Windows 10: Limit how much bandwidth is used for downloading updates?

  1.    20 Mar 2018 #1

    Limit how much bandwidth is used for downloading updates?

    I'm trying to understand exactly how this works in 1709. Here is the Setting Quote:

    The reason is, when I first did a clean install I wanted to make the downloads go as fast as possible, so I set it to 90%, and now am thinking I actually Limited it to 90% from 100% and defeated my attempt at downloading faster?

    If I don't check this Box at all, will I get the Maximum Download Speed?

    If I check the Box and set it to 100% will that use more Bandwidth than the Default Settings with the Box Unchecked?

    Am I making sense at all here lol?

    It is saying it will Limit the Bandwidth so I assume it will only limit and not exceed the Default Settings? Limiting to 30% would be using less bandwidth than 90% right?

    Thanks, FunkMaster
      My ComputerSystem Spec

  2.    21 Mar 2018 #2

    Limit Bandwidth of Windows Update and Store App Updates in Windows 10 Windows 10 Tutorials
    Hi, you may find the text in the screenshot Option 1, 6 informative.
      My ComputerSystem Spec

  3.    21 Mar 2018 #3

    @dalchina, thanks very much! I could not find that thread myself. I don't know if it answers my question yet but have bookmarked it for another read later. Question still unanswered?

    1. What's Default 30% - 45% - 100% Why don't MS'ers tell us what default is RIGHT IN THE WINDOW? Un-Checking determines Default, but what is default?

    2. Is there any benefit to choosing 100% and walking away from the pc to let it download quicker? Or if one has plenty of bandwidth is 100% going to interfere with normal browsing while downloads are in progress?

    My pc don't even have the "Foreground" choice?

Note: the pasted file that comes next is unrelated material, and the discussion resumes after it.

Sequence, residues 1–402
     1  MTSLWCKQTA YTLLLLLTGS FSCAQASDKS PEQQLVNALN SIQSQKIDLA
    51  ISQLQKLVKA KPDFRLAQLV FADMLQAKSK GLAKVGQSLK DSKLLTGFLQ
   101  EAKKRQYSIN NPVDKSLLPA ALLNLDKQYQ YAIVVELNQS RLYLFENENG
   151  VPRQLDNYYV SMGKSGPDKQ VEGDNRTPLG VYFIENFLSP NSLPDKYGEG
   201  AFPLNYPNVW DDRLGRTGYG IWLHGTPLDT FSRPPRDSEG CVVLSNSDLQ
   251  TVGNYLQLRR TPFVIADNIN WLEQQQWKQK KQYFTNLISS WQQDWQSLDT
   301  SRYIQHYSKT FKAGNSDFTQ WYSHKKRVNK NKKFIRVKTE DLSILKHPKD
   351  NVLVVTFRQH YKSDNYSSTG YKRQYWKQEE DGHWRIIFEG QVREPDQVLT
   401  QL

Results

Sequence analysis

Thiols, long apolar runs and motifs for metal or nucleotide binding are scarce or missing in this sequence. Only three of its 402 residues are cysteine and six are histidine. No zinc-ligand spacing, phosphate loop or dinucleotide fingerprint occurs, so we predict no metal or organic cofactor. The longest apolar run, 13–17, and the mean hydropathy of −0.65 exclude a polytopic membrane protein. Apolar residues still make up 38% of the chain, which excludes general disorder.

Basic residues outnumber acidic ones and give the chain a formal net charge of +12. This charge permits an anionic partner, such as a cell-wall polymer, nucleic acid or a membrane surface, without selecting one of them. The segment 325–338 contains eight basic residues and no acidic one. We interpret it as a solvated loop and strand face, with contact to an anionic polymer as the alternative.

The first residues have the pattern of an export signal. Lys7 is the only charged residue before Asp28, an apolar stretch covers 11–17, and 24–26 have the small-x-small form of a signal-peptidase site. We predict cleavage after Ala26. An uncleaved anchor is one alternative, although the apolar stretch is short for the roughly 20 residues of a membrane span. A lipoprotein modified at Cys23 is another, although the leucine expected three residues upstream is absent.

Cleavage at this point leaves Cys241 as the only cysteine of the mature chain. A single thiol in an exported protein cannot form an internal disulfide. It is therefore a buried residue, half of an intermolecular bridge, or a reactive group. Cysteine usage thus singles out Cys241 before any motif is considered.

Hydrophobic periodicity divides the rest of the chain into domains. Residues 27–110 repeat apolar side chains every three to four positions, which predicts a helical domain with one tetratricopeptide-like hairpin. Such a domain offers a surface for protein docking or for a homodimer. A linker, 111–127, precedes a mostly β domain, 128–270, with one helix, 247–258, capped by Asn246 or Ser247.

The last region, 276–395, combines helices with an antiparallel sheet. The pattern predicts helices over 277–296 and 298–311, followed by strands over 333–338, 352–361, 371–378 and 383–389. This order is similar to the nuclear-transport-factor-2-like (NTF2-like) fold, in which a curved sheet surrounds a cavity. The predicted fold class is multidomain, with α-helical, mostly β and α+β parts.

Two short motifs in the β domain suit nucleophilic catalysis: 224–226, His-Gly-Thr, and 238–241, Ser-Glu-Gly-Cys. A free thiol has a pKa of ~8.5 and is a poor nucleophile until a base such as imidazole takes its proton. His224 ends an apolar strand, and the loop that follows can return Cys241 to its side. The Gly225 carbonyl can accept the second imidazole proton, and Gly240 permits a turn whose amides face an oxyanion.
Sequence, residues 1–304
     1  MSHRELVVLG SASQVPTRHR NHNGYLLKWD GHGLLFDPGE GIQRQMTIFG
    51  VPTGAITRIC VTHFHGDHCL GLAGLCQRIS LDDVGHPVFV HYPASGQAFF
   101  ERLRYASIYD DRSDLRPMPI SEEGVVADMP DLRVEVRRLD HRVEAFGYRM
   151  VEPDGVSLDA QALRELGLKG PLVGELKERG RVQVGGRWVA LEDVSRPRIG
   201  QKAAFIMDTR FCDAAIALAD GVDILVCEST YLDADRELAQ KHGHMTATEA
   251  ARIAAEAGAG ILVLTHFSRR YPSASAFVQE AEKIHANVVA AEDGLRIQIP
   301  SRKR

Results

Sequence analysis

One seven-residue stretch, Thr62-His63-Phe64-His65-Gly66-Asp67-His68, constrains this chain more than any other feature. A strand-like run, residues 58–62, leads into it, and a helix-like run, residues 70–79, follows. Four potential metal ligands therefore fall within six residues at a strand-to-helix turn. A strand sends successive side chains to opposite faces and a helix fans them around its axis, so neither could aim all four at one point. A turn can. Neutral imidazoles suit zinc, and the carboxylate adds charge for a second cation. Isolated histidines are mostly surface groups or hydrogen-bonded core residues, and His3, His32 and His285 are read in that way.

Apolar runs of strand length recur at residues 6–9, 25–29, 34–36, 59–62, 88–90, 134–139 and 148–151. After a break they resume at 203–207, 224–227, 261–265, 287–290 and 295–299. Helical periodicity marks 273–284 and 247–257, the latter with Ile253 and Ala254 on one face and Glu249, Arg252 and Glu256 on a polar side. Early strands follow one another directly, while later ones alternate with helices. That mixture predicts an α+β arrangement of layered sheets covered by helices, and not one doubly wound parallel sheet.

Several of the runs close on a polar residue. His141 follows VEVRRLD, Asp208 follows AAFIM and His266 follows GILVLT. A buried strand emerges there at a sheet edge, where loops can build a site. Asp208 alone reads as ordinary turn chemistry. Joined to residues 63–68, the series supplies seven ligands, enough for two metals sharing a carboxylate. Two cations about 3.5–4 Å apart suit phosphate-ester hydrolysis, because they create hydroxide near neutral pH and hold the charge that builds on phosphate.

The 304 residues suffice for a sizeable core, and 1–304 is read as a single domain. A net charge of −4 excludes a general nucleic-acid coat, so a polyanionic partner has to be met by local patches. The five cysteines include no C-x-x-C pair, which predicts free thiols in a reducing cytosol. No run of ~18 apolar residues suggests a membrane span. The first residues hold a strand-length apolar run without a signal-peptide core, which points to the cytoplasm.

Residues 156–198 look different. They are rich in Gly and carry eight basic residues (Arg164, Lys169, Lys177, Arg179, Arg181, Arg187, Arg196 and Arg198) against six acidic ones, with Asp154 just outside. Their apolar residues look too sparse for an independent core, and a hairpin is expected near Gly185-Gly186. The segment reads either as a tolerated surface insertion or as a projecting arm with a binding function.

My ComputerSystem Spec

  4.    21 Mar 2018 #4

    Checking determines Default, but what is default? - see the tutorial I mentioned- just that paragraph.

    The whole issue only matters if update downloads happen whilst you're working and have a material affect on what you're doing. As I have Pro, and have updates set to Notify, updates and upgrades only download when I let them.

    If your internet is limited in speed, or perhaps shared with others or other devices, then this becomes a useful tool. (Mine's 'only' 38Mb/s)
      My ComputerSystem Spec

  5.    21 Mar 2018 #5

    Ahh, I'll have to take a second look at my Pro Install also, to see how different it is. I forgot I had a Pro Install on one of my Laptops.
    dalchina quote: Checking determines Default, but what is default? - see the tutorial I mentioned- just that paragraph.
    Actually, I said"
    Un-Checking determines Default, but what is default?
    No, my internet is not limited, luckily I have 30-75Mbps. It always varies by the day or time that I check it. I see, and think this is just not what I think it is, or what it should be?

    I read that link a few times, and it really don't tell me what I want to know, I guess it's assumed by MS that we know Exactly what is going on in the background, so that a somewhat simplistic set of directions will suffice.

    Again, Un-Checking Determines Default as it says in your link, but what is Default? I presume Default is 100%, which equates to the full amount that MS has let Windows 10 use under what ever parameters they have decided. But if I have a super fast connection, it would be nice to allow it to use even more Bandwidth IMO. Some folks where I live have 100-120Mbps, or Gig Speeds, and if so, it would be nice to allow a faster download of Updates. I guess if one has super fast internet speeds the Bandwidth will increase by some pre-configured amount.